It’s the start of a new year, and yet again we’re bombarded with all the latest and “greatest” weight loss trends promising quick and easy results. While some of these plans may help you lose weight in the short term, they’re not sustainable and can often be dangerous. It’s only human nature to think of the start of the year as a fresh start, and to want to make some changes.
But if you want to make lasting changes that also support your health, watch out for these red flags when deciding on the plan for you. If you’re looking for the right advice and a partner to help you through this lifestyle change, book a session with your local dietitian.
If you’re still struggling with nutrition – it’s time to talk.
Cuts Out Entire Food Groups or Demonizes Foods
Many fad diets encourage eliminating entire food groups or demonizing certain foods as “bad”. This type of thinking is usually not only unhealthy, but downright harmful. A balanced diet is the key to good health and eliminating entire food groups can lead to deficiencies in important nutrients. Demonizing certain foods can also lead to an unhealthy relationship with food that sends us down a bad path. Rather than labeling foods as “good” or “bad”, it’s important to focus on moderation and balance.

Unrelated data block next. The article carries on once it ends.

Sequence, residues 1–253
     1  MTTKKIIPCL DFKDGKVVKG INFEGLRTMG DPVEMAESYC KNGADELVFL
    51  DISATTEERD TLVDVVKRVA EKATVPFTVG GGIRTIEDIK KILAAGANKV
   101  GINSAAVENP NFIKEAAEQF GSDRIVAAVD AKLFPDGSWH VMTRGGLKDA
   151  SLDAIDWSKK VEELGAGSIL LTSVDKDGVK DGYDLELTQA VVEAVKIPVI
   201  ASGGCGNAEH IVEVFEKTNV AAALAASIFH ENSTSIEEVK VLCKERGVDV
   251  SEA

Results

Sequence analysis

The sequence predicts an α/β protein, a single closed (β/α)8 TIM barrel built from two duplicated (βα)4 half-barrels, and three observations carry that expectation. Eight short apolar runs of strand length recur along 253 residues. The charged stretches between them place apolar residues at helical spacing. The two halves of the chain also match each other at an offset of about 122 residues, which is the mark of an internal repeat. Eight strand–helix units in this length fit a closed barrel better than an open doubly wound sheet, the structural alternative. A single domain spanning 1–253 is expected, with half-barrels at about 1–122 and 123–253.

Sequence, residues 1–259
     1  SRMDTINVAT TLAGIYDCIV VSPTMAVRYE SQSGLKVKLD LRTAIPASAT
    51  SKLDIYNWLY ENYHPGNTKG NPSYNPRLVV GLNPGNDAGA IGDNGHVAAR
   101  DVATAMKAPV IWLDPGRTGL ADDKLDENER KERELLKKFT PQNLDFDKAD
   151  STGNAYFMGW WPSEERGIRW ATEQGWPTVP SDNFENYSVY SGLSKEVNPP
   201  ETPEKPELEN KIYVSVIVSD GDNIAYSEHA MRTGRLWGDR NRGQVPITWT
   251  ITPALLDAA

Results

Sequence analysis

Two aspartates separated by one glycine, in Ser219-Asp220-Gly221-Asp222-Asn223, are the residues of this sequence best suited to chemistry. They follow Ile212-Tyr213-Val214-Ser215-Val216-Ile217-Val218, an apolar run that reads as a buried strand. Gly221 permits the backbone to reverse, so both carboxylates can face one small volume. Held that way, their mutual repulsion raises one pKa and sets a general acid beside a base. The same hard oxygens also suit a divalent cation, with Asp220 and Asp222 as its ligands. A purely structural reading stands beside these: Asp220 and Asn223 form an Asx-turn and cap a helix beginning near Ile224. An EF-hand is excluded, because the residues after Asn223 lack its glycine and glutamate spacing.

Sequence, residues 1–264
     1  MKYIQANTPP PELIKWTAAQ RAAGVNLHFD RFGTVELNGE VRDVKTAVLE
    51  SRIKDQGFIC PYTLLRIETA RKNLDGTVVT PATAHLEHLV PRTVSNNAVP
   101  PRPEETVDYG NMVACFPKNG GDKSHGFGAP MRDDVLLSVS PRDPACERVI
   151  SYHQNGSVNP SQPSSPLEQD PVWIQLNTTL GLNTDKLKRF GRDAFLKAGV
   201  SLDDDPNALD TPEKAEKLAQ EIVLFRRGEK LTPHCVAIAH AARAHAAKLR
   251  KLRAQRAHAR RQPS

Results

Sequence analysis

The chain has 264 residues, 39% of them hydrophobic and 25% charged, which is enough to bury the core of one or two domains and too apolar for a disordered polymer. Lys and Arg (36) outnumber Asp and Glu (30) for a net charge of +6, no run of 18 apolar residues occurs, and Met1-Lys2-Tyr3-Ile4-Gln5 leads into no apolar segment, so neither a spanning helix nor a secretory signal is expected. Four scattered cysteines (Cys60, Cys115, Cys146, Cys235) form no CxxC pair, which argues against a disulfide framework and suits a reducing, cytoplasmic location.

You Have to Buy Special Teas, Pills or Supplements
If a diet plan requires you to buy special teas, pills, or supplements, be wary. These products are usually unnecessary and can be very expensive. Many of these products are also unregulated and may not be even safe. Stick to a variety of whole foods that you can find at your local grocery store.
Promises Fast or Extreme Results
Lasting results come from consistency and sticking with a plan long term. If a diet promises fast or extreme results, it’s usually too good to be true. These types of claims are often false or require extreme changes to your diet or lifestyle which are unsustainable and often unsafe.
Beware the Red Flags
When you’re making changes this year, beware of plans that any that cut out entire food groups, demonizes certain foods, requires you to buy special teas, pills or supplements, or promises fast or extreme results. These types of plans are often unhealthy and just aren’t sustainable in the long term. Instead, focus on balance and moderation for lasting results. Work with a dietitian this year to build a sustainable plan that works for you.